Raisi – known to some as The Butcher – apparently won the day after winning around 50% of the 29 million votes cast in Friday’s election.
Securing the 60-year-old’s post means that all the Iranian regime’s weapons are now in the hands of ultra-conservative extremists.
He will take power next month when the reins are handed over by outgoing – and more moderate – leader Hassan Rouhani.
The Iranian president is the country’s second highest official, just behind Ayatollah.
And his victory comes after an attempt to boycott the elections after Iranian authorities disqualified candidates pushing for regime reform.
Raisi has stood on an anti-corruption platform amid continued economic hardship in Iran, but the judge’s story is drenched in blood.
Opposition activists say it will only push Iran further away from the West amid the lingering tensions – spreading blood and terror across the Middle East.
He is said to have ordered the torture of pregnant women, had prisoners thrown off cliffs, whipped people with electrical cords and supervised countless other acts of brutal violence.
At the head of Iranian justice, the traditionalist cleric is a close ally of the country’s supreme leader, Ayatollah Ali Khamenei, whose trust he has gained after holding key positions of power for four decades.
Raisi earned his nickname “butcher” and was reportedly involved in the mass execution of political prisoners in the 1980s.
It is reported that he was a key member of the so-called “Death Commission” which ordered the deaths of thousands of people in the 1988 massacre.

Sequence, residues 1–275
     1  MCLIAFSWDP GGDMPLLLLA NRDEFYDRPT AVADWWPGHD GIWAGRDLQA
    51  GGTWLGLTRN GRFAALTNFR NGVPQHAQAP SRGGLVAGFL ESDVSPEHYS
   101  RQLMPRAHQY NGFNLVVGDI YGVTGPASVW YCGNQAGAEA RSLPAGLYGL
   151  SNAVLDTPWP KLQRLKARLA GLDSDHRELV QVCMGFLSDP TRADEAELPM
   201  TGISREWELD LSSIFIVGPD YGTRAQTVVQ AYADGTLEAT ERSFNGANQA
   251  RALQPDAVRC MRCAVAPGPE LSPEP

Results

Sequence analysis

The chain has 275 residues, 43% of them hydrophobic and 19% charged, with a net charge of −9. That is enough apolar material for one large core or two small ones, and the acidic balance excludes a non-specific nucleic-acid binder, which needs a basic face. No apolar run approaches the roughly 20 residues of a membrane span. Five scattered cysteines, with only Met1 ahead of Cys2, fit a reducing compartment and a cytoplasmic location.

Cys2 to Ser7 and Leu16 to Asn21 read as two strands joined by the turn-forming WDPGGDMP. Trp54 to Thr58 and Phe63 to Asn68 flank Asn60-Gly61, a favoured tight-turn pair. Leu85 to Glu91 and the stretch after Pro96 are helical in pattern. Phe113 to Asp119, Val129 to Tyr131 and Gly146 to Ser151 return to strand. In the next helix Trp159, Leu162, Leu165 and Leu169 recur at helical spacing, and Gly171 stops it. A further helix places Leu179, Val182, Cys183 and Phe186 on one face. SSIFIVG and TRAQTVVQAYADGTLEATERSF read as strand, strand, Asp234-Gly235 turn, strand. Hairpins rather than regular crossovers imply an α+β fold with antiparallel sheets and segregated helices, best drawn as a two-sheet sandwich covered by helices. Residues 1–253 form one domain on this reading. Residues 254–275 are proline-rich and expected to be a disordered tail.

Raisi is nothing more than a product of a diet that produces monsters
Some 30,000 men, women and children held in prisons across Iran were lined up against the wall and shot dead in just a few months, say those fighting to overthrow the regime.
Iran has never acknowledged the mass executions and Mr. Raisi has never responded to allegations about his role in them.
And the regime currently carries out around 250 executions per year – the highest number in the world outside of China.
Amnesty International also said Raisi should be investigated for “crimes against humanity” and torture – including allegations he saw protesters brutalized during the unrest in 2019.
Amnesty chief Agnès Callamard said: “The fact that Ebrahim Raisi took over the presidency instead of being investigated for crimes against humanity of murder, enforced disappearance and torture, is a grim reminder that impunity reigns supreme in Iran. “
Iran continues to be a challenge in the Middle East for the West, as it supports terrorist groups around the world and seeks to develop nuclear weapons.
Farideh Goudarzi was eight months pregnant when she said she was arrested by Iranian authorities for supporting the People’s Mojahedin Organization of Iran (PMOI), also known as Mujahedin-e Khalq (MEK) .
However, despite her state of health, she told The Sun Online that she was not spared the horrific and brutal torture routinely practiced in the Islamic Republic during this time.
She said the very first time she had met the brutal Raisi was when she was dragged into a courthouse torture chamber at the age of 21 in the summer of 1983.
Executions and torture in Iran